Interestingly, although Rieder suggests we might have the right to have as many children as we like, he thinks individuals in wealthy countries who have large families may still be subject to moral criticism. In chapter 5, Rieder notes that judgments about what is morally permissible can be separated from judgments about praise, blame, and our moral character more generally. Drawing on considerations tied to virtue ethics and the balance of reasons, he argues that many individuals will not be justified in having large families. Some people may be justified in having more than one child, but “the burden is on them to make the case” that their behavior ismorally justified.
Toward a Small Family Ethic covers a lot of terrain given its length, and its brevity and accessibility make it a suitable introduction to the issues under discussion. Nonetheless, a 70-page text will inevitably have to gloss over or omit some important material. I will highlight three places where additional content would have been helpful.
First, the book does not feature much discussion of the positive externalities tied to procreation. For instance, as Julian Simon (1993) noted, a higher population means that there are more people with ideas that might lend themselves to technological innovation. More people who are well-educated and well-intentioned could, to some degree, be a good thing with respect to tackling a massive problem like climate change. Many also believe that, other things equal, the world is a better place when there are more people on it who are living good lives. I do not think these considerations outweigh the moral considerations that Rieder highlights, but other readers may disagree.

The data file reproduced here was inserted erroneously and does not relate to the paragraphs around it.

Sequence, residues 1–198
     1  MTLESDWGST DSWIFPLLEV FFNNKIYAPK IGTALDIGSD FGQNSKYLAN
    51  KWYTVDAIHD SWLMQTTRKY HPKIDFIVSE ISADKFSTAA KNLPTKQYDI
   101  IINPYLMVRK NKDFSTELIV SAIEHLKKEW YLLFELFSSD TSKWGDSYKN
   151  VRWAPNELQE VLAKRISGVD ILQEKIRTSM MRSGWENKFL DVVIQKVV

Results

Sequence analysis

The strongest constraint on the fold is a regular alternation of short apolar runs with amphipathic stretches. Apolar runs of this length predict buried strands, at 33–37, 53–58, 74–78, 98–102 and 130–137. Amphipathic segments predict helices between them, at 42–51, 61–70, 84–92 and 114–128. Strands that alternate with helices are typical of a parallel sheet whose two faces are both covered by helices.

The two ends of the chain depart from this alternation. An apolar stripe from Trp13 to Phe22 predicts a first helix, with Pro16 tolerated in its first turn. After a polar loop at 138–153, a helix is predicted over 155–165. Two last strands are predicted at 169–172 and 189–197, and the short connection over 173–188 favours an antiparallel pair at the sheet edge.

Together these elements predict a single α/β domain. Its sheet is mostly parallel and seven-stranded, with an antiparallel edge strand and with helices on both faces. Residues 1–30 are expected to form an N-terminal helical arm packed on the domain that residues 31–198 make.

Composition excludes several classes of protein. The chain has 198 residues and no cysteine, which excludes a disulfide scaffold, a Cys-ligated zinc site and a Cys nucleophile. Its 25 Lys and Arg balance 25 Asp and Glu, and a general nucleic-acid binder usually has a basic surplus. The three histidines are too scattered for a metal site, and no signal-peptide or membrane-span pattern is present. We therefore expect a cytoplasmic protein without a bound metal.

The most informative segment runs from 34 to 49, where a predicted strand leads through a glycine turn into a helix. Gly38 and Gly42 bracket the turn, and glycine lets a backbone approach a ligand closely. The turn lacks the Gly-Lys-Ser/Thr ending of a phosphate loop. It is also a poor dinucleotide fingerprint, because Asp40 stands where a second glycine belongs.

Second, Rieder briefly alludes to an argument by John Nolt (2011) that the average American could be responsible for the severe suffering or death of 1-2 future people, which would be quite morally significant even if the individual’s relative contribution to climate change is small. This argument could provide a straightforward refutation of the claim that one’s contribution to climate change is not morally significant and would hold more sway with consequentialist readers than Rieder’s non-consequentialist arguments. Thus, it is unfortunate the argument is mentioned and dismissed only in a footnote.
Third, the discussion of offsetting proceeds too quickly. Offsetting one’s emissions would be an obvious strategy for justifying the additional carbon footprint created by procreation. Rieder points out that some offsetting strategies effectively involve replacing long-term carbon sinks with short-term ones, which is not an optimal solution. However, since the costs of offsetting are not presently that onerous, a person could offset substantially more than what seems necessary to account for the possibility that some of the offsets turn out to be short-term. Additionally, some forms of offsetting do not have this feature. Certain offsetting schemes involve the creation of renewable energy (e.g., wind turbines), and while it might take a much larger financial contribution to ensure that one’s individual donations actually make a difference, such a strategy can be viable in some circumstances. For some individuals, it may also be possible to offset their own emissions by purchasing and installing solar panels on their own homes. Ultimately, Rieder needs to say more about why offsetting is not a permissible strategy for rendering one’s procreation justifiable.